So thick was this door, so impenetrable, that its closing was succeeded by the stillness of vault or catacomb.
The plan of the catacomb of S. Priscilla is a good illustration of this.
Adelaide inquired eagerly, for this was the night of the catacomb party.
The only marvel is, how he comes to be hiding himself in the catacomb.
This catacomb has been often rifled, and the galleries are strewn with marble fragments of its monuments.
He entered the catacomb June 7, 1831, and obtained eleven mummies.
And now this mysterious discovery of Quintus Claudius in the catacomb with the Nazarenes!
A striking example of this occurs in the catacomb of Callixtus.
The burial-chapels of the fourth century commonly found over a catacomb probably replace earlier tombs.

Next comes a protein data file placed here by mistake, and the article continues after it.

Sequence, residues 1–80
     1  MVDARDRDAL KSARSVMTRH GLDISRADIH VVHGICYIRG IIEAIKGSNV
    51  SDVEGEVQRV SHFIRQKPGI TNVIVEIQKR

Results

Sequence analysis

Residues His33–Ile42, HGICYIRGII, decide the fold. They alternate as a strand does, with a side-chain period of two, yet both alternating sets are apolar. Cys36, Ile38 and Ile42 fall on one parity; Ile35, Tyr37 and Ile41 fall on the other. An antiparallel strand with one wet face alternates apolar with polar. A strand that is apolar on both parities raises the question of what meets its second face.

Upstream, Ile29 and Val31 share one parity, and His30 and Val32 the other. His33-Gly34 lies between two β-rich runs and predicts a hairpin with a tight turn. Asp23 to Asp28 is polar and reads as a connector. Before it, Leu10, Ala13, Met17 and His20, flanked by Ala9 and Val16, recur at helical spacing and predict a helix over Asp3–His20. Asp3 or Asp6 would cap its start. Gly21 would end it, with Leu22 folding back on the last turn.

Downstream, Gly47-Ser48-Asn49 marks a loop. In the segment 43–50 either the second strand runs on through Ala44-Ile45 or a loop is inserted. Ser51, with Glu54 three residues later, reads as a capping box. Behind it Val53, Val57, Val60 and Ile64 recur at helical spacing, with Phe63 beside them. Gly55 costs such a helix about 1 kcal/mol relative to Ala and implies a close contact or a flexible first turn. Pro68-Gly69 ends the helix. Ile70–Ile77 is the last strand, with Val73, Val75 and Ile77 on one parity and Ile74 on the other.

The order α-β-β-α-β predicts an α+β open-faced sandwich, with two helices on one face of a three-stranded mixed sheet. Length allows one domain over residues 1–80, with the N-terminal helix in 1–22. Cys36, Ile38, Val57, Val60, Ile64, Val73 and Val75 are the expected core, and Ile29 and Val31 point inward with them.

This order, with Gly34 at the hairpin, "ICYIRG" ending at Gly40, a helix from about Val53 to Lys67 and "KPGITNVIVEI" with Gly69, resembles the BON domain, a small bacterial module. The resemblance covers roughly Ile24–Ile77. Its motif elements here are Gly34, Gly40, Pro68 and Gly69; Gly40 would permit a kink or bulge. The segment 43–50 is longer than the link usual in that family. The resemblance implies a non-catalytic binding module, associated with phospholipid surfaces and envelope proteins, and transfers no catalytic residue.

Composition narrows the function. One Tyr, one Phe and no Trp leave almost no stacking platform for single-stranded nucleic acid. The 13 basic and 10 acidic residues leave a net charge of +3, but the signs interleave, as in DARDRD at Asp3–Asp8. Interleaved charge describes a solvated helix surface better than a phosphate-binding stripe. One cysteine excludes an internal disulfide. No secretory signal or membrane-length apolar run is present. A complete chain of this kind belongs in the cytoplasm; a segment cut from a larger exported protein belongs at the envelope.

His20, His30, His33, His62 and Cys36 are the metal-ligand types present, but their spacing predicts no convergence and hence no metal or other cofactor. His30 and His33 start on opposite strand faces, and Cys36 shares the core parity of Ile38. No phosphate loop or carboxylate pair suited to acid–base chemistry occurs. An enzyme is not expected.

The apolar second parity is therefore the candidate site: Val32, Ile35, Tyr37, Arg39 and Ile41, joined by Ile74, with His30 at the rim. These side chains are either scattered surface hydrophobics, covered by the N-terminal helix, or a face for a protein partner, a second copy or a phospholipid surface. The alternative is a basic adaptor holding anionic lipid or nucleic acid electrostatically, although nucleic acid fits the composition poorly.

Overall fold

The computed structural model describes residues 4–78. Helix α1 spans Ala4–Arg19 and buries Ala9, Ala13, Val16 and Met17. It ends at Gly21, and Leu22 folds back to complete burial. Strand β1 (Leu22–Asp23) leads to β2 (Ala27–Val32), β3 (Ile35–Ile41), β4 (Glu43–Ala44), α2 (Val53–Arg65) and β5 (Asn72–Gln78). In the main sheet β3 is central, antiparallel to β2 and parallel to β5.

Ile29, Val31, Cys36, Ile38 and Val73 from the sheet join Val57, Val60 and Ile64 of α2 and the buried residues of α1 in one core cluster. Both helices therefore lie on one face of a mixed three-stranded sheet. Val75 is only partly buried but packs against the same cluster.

They occur in a gallery of the catacomb, not far from the Appian Way.
usually catacombs, from Old English catacumbas, from Late Latin (400 C.E.) catacumbae (plural), originally the region of underground tombs between the 2nd and 3rd milestones of the Appian Way (where the bodies of apostles Paul and Peter, among others, were said to have been laid), origin obscure, perhaps once a proper name, or dissimilation from Latin cata tumbas "at the graves," from cata- "among" + tumbas. accusative plural of tumba "tomb" (see tomb).
If so, the word perhaps was altered by influence of Latin -cumbere "to lie." From the same source are French catacombe, Italian catacomba, Spanish catacumba. Extended by 1836 in English to any subterranean receptacle of the dead (as in Paris). Related: Catacumbal.